Procrastination can have many manifestations but ultimately it impacts heavily on your productivity. Some authors suggest that procrastination is putting off important tasks in favor of less important tasks or doing tasks you enjoy rather than tasks that will lead you to your goal.
There are many reasons why we procrastinate. In my personal productivity course I discuss fear of failure and fear of success as possible causes. In this blog post, I will look at procrastination in terms of pursuing our preferences, over doing what we should do in order to be productive.
[Image credit: Procrastination Flowchart by jean-louis zimmermann]
Procrastination: doing what you love rather than what will make you productive
One of the manifestations of your procrastination could be that you avoid the mundane, routine tasks that are necessary to realize and maintain your goals. If you are a creative-type person, you will find yourself spending time on creating new things – new websites, blog posts or other endeavors – at the expense of doing things that are necessary to move you closer to your goals – things that would enhance your productivity in terms of goal achievement.
Sometimes we can become productive in the wrong things – we can concentrate on the 80% of things that don’t lead directly to our goals and ignore the 20% of tasks that do. Yaro Starak describes this 8o/20 rule in the following terms:
… the important thing to understand is that in your life there are certain activities you do (your 20 percent) that account for the majority (your 80 percent) of your happiness and outputs.
If you focus only on the things that you enjoy, then you will avoid the things that are less exciting but that contribute more to your goals. In fact, one of the things that have been identified about successful people is that each day they do first the things that they don’t like doing but see as necessary for goal achievement (before they do the things they like). This daily discipline is a way they overcome procrastination to improve their productivity and achieve their goals in life.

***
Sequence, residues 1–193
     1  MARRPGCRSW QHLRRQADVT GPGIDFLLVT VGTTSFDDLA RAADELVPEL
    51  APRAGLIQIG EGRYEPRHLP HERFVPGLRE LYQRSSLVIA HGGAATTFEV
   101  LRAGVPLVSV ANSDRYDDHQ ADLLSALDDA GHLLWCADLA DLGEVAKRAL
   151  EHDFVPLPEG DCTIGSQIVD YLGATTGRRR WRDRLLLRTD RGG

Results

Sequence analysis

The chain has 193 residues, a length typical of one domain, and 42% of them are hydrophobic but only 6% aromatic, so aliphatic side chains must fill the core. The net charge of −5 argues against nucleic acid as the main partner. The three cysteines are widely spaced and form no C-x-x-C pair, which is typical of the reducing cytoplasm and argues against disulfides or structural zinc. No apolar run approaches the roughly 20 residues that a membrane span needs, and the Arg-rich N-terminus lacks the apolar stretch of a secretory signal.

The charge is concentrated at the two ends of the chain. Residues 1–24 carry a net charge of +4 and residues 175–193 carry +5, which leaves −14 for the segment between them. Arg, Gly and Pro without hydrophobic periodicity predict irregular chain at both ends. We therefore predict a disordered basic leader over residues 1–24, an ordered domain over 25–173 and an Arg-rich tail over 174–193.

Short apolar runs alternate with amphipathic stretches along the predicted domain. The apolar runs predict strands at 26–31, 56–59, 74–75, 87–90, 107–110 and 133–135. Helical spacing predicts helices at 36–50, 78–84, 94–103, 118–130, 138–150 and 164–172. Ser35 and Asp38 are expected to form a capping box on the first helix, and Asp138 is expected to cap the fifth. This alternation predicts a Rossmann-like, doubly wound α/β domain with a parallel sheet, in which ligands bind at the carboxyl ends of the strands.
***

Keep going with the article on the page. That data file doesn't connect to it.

So if you want to improve your personal productivity, it pays to look at the important tasks that you tend to avoid because they are routine or boring. Ask yourself how you could give them a new priority, instead of leaving them to last (when you invariably have no time to complete them).
It may be you are putting off social bookmarking, writing that important blog post, updating your browser or making simple (but important changes) to your website – all in favor of enjoying endless interactions on websites such as Facebook or Squidoo. Alternatively, you may be avoiding engaging on these social networks because you find logging in, reading and commenting boring tasks.
You really have to take a close look at your procrastination and determine what is going on for you, if you want to improve your productivity.